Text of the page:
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Elective Surgeries at the Launceston General Hospital

Andrea Dawkins

Andrea Dawkins  -  Thursday, 17 November 2016

Tags: Launceston General Hospital, Launceston, Health, Elective Surgery


As a part of your plan to reduce the elective surgery waiting list, you are sending public elective surgery patients to private hospitals in Tasmania and in Melbourne. Serious concerns have been raised about follow-up care with post-operative patients. We are aware of patients presenting to the emergency department at the LGH with no paperwork and no after-surgery care plan with infections and other issues.

These failings have the potential to be a matter of life and death. Are you aware this has been occurring? There are eight orthopaedic surgeons in Launceston with capacity to complete surgeries yet patients are still being operated on at enormous additional expense to the Tasmanian health system in private hospitals.

Why were 40 knee and hip surgery patients who did have post-operative care seen by a gastric sleeve surgeon who travelled from Hobart to the clinic rather than using the orthopaedic surgeons who work in Launceston?

ANSWER Madam Speaker, I thank the member for Bass for her question. I will come to the last part of her question first, before the earlier and more general points. After-care is an essential part of any care provided to a patient, regardless of what hospital in which they received their surgery, whether it is a local public or private hospital, or whether it is a patient in that approximately 340 patients who received their care in an interstate private hospital.

I provided some information on notice to a member in the other House yesterday - or today, I am not sure when it is being presented. We have seen some excellent results for our patients. We have also acknowledged that after-care is not just an issue for patients who have received their surgery interstate. We have also identified that it has been an issue, at times, for patients even within our public hospital system, particularly for patients who require returns to hospital. This is an ongoing issue for all levels of the health system. I acknowledge that.

I have also taken some 'soundings' from local surgeons. I have indicated to them that if we can improve the quality of after-care that we provide in any future purchasing arrangements we will do that. The reason we do that is because we want to put patient care at the very forefront of all of the decisions that we make in health.

I want to make a couple of points about why the Government has chosen to go this way. In the 2016 calendar year we have seen significant additional commonwealth funding available to our public hospital system. From a policy point of view, the Hodgman Liberal Government has placed our patients, particularly those who have been waiting years for surgery. We have people who have had their surgery, who had been placed on the waiting list when Ms Giddings was the minister for health. They waited for years to get their surgery. We have seen some wonderful results.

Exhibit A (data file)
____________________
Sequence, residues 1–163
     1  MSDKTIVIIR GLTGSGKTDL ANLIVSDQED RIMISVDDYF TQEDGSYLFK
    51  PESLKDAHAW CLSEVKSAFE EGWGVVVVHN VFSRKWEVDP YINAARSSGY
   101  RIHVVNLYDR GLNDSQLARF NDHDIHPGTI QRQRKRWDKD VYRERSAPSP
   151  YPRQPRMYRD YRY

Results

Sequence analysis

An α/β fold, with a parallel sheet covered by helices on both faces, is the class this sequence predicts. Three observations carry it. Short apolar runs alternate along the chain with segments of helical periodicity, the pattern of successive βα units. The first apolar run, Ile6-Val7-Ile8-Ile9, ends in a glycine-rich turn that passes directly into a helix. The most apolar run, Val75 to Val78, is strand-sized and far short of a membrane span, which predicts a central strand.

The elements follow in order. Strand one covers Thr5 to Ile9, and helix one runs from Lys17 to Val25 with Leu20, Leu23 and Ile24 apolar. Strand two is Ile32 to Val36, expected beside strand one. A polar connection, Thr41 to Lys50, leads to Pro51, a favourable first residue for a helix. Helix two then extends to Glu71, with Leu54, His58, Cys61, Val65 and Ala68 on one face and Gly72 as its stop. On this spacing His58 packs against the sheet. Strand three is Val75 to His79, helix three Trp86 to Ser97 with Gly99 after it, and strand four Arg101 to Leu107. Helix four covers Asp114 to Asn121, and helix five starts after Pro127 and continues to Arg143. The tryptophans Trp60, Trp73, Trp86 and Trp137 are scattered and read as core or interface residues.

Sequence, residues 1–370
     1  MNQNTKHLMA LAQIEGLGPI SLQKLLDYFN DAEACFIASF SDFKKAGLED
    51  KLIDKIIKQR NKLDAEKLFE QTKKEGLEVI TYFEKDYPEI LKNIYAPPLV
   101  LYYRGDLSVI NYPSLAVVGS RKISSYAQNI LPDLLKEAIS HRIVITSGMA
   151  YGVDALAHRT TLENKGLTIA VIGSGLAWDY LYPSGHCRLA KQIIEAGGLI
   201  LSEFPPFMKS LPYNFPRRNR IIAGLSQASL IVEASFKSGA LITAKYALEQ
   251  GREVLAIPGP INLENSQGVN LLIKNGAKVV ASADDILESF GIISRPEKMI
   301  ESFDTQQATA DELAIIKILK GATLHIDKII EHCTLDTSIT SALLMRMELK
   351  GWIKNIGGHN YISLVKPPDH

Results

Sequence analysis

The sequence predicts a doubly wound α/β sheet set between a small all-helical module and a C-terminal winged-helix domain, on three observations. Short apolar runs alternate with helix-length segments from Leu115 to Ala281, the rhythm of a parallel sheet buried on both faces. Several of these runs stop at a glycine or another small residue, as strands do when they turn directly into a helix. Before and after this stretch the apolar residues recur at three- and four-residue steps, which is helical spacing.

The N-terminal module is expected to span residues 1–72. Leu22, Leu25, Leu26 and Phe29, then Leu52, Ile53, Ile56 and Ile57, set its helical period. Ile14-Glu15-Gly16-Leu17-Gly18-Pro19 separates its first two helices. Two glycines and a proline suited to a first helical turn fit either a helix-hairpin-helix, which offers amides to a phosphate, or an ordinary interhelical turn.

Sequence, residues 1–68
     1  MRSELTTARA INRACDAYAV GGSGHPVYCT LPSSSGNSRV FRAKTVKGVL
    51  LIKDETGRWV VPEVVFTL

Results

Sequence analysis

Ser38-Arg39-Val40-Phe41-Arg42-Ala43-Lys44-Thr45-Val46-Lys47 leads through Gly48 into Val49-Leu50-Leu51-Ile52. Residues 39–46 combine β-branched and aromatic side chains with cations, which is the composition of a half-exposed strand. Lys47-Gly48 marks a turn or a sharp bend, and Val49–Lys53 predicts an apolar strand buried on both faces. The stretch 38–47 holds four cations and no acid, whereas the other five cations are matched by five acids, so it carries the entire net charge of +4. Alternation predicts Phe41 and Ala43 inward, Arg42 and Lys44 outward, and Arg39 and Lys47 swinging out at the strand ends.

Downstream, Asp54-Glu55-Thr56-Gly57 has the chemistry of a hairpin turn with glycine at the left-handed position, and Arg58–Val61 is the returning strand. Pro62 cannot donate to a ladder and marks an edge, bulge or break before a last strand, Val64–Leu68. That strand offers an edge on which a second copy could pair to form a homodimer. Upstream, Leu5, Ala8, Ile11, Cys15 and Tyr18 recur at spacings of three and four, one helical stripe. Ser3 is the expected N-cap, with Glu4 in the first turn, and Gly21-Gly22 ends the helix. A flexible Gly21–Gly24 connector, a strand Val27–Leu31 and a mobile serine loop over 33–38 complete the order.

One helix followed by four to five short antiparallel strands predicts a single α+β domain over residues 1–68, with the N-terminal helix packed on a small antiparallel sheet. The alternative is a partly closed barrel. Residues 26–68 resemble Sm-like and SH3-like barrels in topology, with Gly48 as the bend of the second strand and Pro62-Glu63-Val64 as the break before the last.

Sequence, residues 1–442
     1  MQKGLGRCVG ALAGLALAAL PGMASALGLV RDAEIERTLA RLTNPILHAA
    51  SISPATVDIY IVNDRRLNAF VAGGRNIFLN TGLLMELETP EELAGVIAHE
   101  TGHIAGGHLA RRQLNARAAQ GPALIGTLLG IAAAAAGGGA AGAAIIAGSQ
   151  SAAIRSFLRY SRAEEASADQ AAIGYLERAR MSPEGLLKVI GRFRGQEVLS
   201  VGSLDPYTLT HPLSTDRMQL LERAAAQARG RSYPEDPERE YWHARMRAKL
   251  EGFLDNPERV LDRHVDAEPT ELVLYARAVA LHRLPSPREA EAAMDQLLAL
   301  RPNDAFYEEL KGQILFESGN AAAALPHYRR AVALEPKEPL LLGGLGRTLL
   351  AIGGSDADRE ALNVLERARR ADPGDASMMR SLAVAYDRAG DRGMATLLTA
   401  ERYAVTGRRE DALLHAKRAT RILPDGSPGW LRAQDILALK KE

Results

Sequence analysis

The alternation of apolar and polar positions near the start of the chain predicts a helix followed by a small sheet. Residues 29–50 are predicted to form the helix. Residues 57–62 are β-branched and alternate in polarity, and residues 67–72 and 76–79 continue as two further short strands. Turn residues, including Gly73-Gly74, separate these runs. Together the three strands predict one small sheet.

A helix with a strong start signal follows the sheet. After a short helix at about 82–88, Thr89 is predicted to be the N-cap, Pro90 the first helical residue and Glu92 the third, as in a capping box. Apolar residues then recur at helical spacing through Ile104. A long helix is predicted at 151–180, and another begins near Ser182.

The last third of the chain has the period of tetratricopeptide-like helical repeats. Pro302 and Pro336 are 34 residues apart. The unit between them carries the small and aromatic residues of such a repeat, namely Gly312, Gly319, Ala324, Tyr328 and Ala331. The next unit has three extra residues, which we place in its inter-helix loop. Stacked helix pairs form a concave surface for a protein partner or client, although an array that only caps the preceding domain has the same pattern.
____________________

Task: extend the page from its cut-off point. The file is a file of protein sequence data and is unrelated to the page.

I hope the members will welcome the fact that in the 2015 financial year Tasmania saw more people receiving elective surgery than ever before. In my 42 years of living, we have never seen so many people receiving surgery. Nineteen thousand Tasmanians received surgery. This Government is for those people. This Government is for the people who have been made to wait. With the incessant negativity from the Labor Party, they just do not care about patients who have been made to wait.

I am very pleased to report that from a policy point of view the Government provided the extra money in this order of priority: number one, Tasmanian public hospitals were our first priority and had first access to the money. Funds that could not be absorbed in that time and through capacity, including theatres that were running at capacity - we opened two new theatres at Launceston, one new theatre at the Royal. With that capacity taken up the second priority was local -

Ms Woodruff - But there are no beds for the patients so they cannot use it.

Mr FERGUSON - You are wrong. We opened 40 beds at the LGH. The second priority was Tasmanian private hospitals and the third priority was interstate private hospitals.

I am very pleased to report that this Government saw 19 000 elective surgeries completed in that year, an all-time record, and 3355 more than was done in the previous year. I hope all members will share with me the delight that the waiting list today is lower than it has ever been.

Ms White - It is because people cannot get on.

Mr FERGUSON - Ms White just said that is because people cannot get on. Ms White has misheard. We have had 3355 more procedures done than the total number completed during 2014-15. You cannot do so many extra surgeries without the extra funding that the Government has provided, without opening the two extra theatres at the Launceston General Hospital, without opening the extra theatre at the Royal, without establishing the Mersey Hospital as a dedicated elective surgery centre.

I hope members will welcome that we have seen the number of people who are overdue for their surgery reduce by more than one half, approaching two-thirds.

I thank members for their interest in this issue. The Government will always focus on continuous improvements using our record funding and our strong health reform agenda.